There are over 140000 new cases of CRC and approximately 50000 CRC-related deaths a year in the United States[7]. A distinct characteristic of CRCs is that they develop slowly from benign adenomas: polyps larger than one centimeter in size have a 24% chance of progressing into carcinoma over a 20-year period[8]. The transition of benign adenomas into malignancies and the incidence of colonic neoplasms are modulated by diet-derived compounds[9]. However, studies on diet and CRC are in their infancy, and the relevance of many publications on the topic is questionable due to three problems: (1) there is uncertainty about which diet-derived compounds are present in the colon, and what their half-life; (2) most studies have focused on individual bioactives; whereas, food intake results in a complex mixture of metabolites that could modify each other’s effect on neoplastic cells; and (3) the concentrations of many bioactives in the colon are unknown; whereas compounds, for which such information is available, have been frequently analyzed at levels exceeding physiological concentrations.

Here we review two approaches that address these problems, and discuss how these strategies solve a specific question on the interaction between two dietary bioactives: butyrate and polyphenol derivatives. Both bioactives affect the risk for CRC, and although there are other dietary compounds and mechanisms proposed to be protective against the malignancy, this review is limited to one example. Our objective is to highlight the methodologies that unravel the effects of multiple dietary bioactives on colonic cells, and not to comprehensively discuss all classes of dietary bioactives and their plausible physiological effects.

WNT/catenin signaling by butyrate

In 2011, the World Cancer Research Fund and the American Institute for Cancer Research upgraded the protective effect of fiber against colon cancer from “probable” to “convincing”[10] and this effect is attributed in part to the fermentation product of fiber in the colon, butyrate. Butyrate is a short-chain fatty acid (SCFA), the production of which enables the salvage of energy from dietary fiber that would be otherwise lost. It is estimated that SCFAs contribute to about 5%-15% of the total caloric requirements in humans[11]. Various tissues in the body can utilize SCFA for energy generation; however, butyrate is the preferred fuel for the colonic epithelial cells that derive about 70% of their energy from butyrate oxidation[12,13]. Butyrate is regarded as a healthy metabolite due to its positive influence on cell growth and differentiation, as well as its anti-inflammatory properties[12,14]. Butyrate also acts as an inhibitor of histone deacetylases (HDACi). Its colonic concentration is between 2 and 10 mmol[15] and at these levels, butyrate induces apoptosis in most CRC cells in vitro. We have provided evidence that this effect is in part due to the ability of butyrate to hyperactivate the WNT/catenin signaling pathway, and several synthetic HDACis mimic the effect of butyrate on the WNT pathway and apoptosis[16,17]. The hyperactivation of WNT/catenin signaling by HDACis takes place only in colonic neoplastic cells with mutations in the pathway, and such mutations are detected in 80% of the sporadic colon cancers[18-20]. This finding is in agreement with observations that moderate levels of oncogene activities support cancer development; however, hyperactivation of oncogenic functions may result in cell death and senescence[21]. Therefore, WNT/catenin signaling is not “oncogenic” under all conditions, and sometimes its activation correlates with less aggressive cancer phenotypes[22].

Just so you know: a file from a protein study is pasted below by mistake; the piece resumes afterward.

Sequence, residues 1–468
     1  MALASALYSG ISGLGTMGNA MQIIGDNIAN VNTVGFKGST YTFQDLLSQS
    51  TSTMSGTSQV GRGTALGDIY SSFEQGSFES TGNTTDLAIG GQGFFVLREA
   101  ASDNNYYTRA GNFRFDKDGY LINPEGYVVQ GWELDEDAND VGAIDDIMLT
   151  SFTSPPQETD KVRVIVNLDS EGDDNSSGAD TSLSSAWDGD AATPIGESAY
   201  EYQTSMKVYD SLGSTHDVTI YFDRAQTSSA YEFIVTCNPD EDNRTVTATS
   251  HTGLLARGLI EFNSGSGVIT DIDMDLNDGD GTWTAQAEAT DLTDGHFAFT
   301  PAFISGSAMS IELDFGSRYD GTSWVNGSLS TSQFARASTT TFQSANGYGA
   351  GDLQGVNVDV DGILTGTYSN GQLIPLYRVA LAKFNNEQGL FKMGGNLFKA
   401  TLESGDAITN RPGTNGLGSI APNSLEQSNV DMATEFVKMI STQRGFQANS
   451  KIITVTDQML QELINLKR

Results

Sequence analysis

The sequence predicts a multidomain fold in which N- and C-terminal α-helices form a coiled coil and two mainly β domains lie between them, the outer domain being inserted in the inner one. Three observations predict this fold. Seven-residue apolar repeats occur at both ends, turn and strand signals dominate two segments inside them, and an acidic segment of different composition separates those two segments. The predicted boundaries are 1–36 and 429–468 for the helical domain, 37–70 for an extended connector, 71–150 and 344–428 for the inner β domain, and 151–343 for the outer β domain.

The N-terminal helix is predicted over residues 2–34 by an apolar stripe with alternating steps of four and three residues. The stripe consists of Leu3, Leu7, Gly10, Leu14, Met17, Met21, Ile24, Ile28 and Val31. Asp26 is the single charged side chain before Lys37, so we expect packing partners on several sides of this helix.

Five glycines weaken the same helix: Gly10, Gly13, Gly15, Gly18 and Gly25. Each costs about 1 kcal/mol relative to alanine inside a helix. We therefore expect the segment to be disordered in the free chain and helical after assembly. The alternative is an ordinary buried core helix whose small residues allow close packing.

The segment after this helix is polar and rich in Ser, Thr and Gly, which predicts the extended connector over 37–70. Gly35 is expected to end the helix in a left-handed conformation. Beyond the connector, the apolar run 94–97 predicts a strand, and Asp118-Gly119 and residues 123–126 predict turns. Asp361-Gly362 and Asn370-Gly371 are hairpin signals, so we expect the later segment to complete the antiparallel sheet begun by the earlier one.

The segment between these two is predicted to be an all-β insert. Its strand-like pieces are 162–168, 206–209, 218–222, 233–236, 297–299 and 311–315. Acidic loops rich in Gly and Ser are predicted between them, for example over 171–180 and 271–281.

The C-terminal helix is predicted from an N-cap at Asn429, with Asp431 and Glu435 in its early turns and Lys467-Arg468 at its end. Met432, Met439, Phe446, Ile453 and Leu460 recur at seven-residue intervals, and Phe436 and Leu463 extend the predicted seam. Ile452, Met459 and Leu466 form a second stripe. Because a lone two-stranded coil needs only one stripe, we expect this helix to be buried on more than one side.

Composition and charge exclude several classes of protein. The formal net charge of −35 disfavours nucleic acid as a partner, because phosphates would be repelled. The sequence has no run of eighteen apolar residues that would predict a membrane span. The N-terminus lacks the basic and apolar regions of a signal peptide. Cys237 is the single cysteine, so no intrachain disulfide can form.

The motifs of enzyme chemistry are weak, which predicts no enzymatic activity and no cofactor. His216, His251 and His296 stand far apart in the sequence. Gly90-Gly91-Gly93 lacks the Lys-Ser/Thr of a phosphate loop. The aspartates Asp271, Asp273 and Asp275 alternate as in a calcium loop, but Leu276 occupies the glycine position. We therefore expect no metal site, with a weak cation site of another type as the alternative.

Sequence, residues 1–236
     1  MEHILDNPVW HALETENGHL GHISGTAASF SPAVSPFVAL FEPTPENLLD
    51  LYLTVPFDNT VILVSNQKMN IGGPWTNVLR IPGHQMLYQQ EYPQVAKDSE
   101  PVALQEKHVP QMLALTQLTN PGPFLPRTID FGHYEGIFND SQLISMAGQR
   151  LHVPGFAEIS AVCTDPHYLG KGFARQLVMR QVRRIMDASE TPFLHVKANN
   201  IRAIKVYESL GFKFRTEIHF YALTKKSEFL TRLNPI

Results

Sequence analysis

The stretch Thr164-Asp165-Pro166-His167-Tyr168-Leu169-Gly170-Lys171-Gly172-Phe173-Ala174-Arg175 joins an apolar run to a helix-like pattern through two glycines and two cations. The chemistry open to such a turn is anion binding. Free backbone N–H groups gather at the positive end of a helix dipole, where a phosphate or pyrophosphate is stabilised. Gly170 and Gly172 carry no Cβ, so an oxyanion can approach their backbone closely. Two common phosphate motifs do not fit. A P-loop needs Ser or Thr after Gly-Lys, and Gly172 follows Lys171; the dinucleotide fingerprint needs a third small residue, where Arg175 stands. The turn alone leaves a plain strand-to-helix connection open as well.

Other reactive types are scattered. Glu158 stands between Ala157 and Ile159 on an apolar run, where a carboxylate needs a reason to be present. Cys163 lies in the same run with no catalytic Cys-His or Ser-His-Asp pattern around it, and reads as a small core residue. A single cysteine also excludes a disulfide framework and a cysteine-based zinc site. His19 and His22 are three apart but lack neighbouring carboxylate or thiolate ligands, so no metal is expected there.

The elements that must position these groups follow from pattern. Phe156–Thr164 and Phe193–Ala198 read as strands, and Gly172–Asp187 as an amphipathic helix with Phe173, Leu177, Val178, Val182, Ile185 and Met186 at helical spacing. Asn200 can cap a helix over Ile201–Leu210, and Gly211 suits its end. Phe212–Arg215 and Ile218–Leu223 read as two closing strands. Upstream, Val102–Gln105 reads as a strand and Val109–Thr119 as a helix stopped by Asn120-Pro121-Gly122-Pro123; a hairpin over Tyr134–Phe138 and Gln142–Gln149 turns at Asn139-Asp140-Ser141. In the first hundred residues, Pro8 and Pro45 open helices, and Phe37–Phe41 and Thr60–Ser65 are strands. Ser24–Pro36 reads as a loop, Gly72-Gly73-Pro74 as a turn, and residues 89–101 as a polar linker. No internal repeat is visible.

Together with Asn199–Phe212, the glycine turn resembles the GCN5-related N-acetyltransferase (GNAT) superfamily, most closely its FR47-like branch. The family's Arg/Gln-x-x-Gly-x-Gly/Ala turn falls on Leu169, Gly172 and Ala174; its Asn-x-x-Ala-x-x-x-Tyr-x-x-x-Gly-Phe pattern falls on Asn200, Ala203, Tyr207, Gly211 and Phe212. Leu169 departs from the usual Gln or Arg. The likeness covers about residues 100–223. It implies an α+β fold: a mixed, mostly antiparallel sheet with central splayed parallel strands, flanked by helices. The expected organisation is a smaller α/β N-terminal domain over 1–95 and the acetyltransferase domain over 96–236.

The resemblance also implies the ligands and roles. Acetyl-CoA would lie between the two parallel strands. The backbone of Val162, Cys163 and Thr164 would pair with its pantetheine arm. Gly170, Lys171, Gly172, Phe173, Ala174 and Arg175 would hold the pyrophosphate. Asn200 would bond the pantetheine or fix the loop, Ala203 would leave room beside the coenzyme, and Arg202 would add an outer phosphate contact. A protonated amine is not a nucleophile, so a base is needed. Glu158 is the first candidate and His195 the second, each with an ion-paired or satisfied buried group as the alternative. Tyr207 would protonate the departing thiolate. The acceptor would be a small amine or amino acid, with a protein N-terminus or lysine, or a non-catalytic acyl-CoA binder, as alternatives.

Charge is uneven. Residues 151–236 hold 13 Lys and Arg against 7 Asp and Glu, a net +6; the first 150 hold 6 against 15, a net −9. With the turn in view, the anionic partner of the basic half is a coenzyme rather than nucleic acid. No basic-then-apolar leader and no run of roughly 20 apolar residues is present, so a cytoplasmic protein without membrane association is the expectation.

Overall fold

Polyphenols as biological food constituents